Leader of AGSI: I will go to jail in support of pay claims
Garda supervisors are threatening to break the law and take strike action in support of their pay claims.
And their full-time leader says he is prepared to spend his holidays in jail if he is prosecuted for promoting the withdrawal of labour by his members.
The mid-ranking gardaí say they will hold a special delegate conference in June to debate a range of protest options, including strikes, if there is no progress on their claims for a restoration of pay rates to pre-recession levels in the short term.
The annual conference of the Association of Garda Sergeants and Inspectors (AGSI) in Westport, Co Mayo, yesterday gave the go-ahead to its national executive to launch an immediate protest campaign.
Strategy for the campaign will be planned by the executive immediately after the conference ends this afternoon.
This is the first time a strike has been put on the agenda by gardaí and it underlines the growing anger and frustration over the failure to meet their claims.
The supervisors said they were not looking for a pay rise but were seeking the restoration of levels that existed in 2008.
They said they had been promised these rates would be restored when the recession was over and on that basis they had agreed to cuts that reduced their wage packets by up to 30pc.
But those promises had not been fulfilled, delegates said.
AGSI general secretary John Jacob was given a standing ovation when he said he had booked a family holiday for June, but accepted it was possible he could be prosecuted for promoting a withdrawal of labour and could end up spending his holidays in jail.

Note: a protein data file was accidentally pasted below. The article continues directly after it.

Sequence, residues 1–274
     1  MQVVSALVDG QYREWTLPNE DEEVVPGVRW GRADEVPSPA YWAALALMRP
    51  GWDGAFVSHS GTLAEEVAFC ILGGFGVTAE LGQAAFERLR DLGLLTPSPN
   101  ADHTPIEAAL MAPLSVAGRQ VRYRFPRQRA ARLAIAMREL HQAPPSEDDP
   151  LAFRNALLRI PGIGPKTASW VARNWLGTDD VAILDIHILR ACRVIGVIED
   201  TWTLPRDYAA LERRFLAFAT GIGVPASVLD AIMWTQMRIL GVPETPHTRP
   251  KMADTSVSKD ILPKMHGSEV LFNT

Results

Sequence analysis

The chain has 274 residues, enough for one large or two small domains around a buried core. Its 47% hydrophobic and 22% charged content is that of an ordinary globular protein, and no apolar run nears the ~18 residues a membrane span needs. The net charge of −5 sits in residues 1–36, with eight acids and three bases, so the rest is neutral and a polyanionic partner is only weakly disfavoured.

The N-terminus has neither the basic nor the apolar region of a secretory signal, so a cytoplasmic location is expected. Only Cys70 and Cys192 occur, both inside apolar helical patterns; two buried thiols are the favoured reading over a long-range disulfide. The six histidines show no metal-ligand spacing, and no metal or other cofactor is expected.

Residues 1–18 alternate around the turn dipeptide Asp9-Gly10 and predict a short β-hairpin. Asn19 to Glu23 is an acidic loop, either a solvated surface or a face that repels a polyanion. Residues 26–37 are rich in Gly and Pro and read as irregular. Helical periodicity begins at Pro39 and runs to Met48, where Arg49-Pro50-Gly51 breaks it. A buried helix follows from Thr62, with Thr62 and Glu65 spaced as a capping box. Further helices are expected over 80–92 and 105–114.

Mr Jacob was promised the full support of cheering delegates as he outlined his potential fate under the Garda Síochána Act.
He said he did not want any conflict but he shared the passion of his members for a restoration of pay levels and he was prepared to break the law, although he did not want to go to prison. Mr Jacob pointed out that the AGSI was traditionally a conservative organisation but said it had become very militant.
He said that if he had proposed a march on the Dáil three or four years ago, he would have been "laughed out of court".
He added: "Now people are insisting on it and in our survey 90pc of members supported industrial relations activity like work to rule.
"The industrial action starts today. The battle lines are drawn," Mr Jacob said.
It is likely to include a march on the Dáil, possibly in uniform, on the first day of the new government; pickets outside the constituency offices of TDs and government ministers; and culminate in a decision on a strike.
Also under consideration is a work to rule, which would include refusing to carry out after-hours administrative duties, assigning duties to members of the Garda Reserve, and possibly not using their personal mobile phones and cars for official duties.
He said those actions would grind the organisation to a halt as the sergeants and inspectors were the pivotal point around which the force revolved.
The AGSI is to seek the support of rank-and-file members as well as retired colleagues in their campaign.